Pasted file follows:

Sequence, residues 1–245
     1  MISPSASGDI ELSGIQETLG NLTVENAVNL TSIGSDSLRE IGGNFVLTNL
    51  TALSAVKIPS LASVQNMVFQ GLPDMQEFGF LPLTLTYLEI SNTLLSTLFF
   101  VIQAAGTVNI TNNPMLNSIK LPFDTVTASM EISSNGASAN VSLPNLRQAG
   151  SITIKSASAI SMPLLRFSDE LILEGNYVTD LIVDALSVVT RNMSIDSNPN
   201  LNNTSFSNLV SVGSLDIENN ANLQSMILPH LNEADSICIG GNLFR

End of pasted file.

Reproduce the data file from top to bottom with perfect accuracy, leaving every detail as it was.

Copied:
Sequence, residues 1–245
     1  MISPSASGDI ELSGIQETLG NLTVENAVNL TSIGSDSLRE IGGNFVLTNL
    51  TALSAVKIPS LASVQNMVFQ GLPDMQEFGF LPLTLTYLEI SNTLLSTLFF
   101  VIQAAGTVNI TNNPMLNSIK LPFDTVTASM EISSNGASAN VSLPNLRQAG
   151  SITIKSASAI SMPLLRFSDE LILEGNYVTD LIVDALSVVT RNMSIDSNPN
   201  LNNTSFSNLV SVGSLDIENN ANLQSMILPH LNEADSICIG GNLFR